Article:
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IFR flight to Bay Bridge W29

Flight log 2/19/2012 Bay Bridge with Stephen T
As mentioned in my previous writ-up I have cut back on flying so I could save for my Commercial Pilots License. I hadn’t flown in about two moths so when Stephen sent me a message asking if I would like to fly down to W29 -Bay Bridge- I figured it was about time I got back in the air.

Stephen told me that he was trying to arrange a group meet-up with the Princeton Flying Tigers but he was a little concerned about an approaching winter storm. I looked at the weather forecast on weather dot com and agreed that flying south of DE probably wouldn’t happen.

We touched base a few times during the previous day and discussed the option of flying north to CT for lunch later in the day if the WX turned out as forecast. To be honest, I went to bed that night with the thought that the trip south was off and we would be flying somewhere in CT later in the day, but I kept my phone next to me just incase.

The next morning I woke up at 7:30 and checked my phone… The trip was on! Stephen was getting ready to leave for the airport and wanted to know when I would be up there. OOPS I told him I should be there in about an hour. I still needed to get ready and drive to the airport. And to think.. I pay money for this? My original plan was to take my son but he was more interested in playing Madden 2011 on his Wii then freezing his but off waiting for daddy and Stephen to get the airplane ready. I can’t say I blame him. J. Well I made it to the airport in 1:15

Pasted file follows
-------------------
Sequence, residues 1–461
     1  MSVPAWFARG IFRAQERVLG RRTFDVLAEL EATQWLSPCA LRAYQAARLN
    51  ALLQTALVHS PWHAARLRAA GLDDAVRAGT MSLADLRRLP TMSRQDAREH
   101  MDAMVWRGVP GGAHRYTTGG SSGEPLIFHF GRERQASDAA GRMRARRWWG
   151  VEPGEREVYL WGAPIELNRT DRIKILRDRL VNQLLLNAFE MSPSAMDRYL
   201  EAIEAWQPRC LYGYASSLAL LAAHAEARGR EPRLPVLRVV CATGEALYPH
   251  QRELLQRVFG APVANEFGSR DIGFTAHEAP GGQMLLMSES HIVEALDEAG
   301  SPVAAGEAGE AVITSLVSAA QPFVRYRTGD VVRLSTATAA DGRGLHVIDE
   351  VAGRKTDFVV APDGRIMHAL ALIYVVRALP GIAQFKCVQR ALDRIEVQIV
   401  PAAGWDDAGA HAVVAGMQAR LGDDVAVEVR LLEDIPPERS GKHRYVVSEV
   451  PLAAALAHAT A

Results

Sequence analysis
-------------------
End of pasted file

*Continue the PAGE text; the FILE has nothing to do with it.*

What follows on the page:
WX (Weather):
For the first part of our trip the weather was good VFR, some bumps at lower altitudes and scattered clouds along our route that we had to keep an eye on (icing). But outside of that, we looked good. The winter storm that we were watching was now forecast to pass a little to the south of W29 but we planned on leaving before 3pm as the weather was going to eventually move into the area.

The flight: KMMU -> W29

Route: KMMU SBJ V30 LANNA V30 ETX V39 LRP V499 BAL W29
I asked Stephen to fly the first leg as I didn’t have the time to file and plan my flight. I would file from Bay Bridge and fly the leg home.
We departed KMMU on the Morristown 6 SID and were soon cleared to our cruising altitude of 8000 feet. The flight was super smooth and Steve did a good job with everything. I sat back and enjoyed the view. I wish I remembered my camera but it wasn’t a pretty day so you didn’t miss much. ATC did a good job of issuing shortcuts for us and eventually just cleared us direct to W29 from about 50 miles out. We let the final controller know that we wanted to shoot the practice RNAV 11 approach and we were soon cleared direct GEEMO.

We were meeting another PAFT member at W29 so when we heard him call and request the same approach we were happy the timing was going to work out. But then he opted to cancel on the ground vs. in the air. I started to worry that our approach was going to turn into a hold (ATC can not clear another IFR aircraft into an uncontrolled field until the lead aircraft closes their IFR flight plan).  We could have just requested the Visual and canceled in the air, but we were in the SFRA so we figured it might be a good idea to at least give it a try. As we got closer it became obvious that we were about to get a hold. The controller had us enter a vectored hold “fly heading 180” “fly heading 360” etc around the IAF.

The cool part was that we were vectored around the Naval Academy at Annapolis MD. After the first circuit ATC “suggested” that we could request the visual and cancel IFR. We took his suggestion, kept our beacon code as we were still in the SFRA. We let him know that we were going to shoot the approach anyway and with some quick GPS programming (real quick). I had Steve all set for the approach. He flew the approach and landed.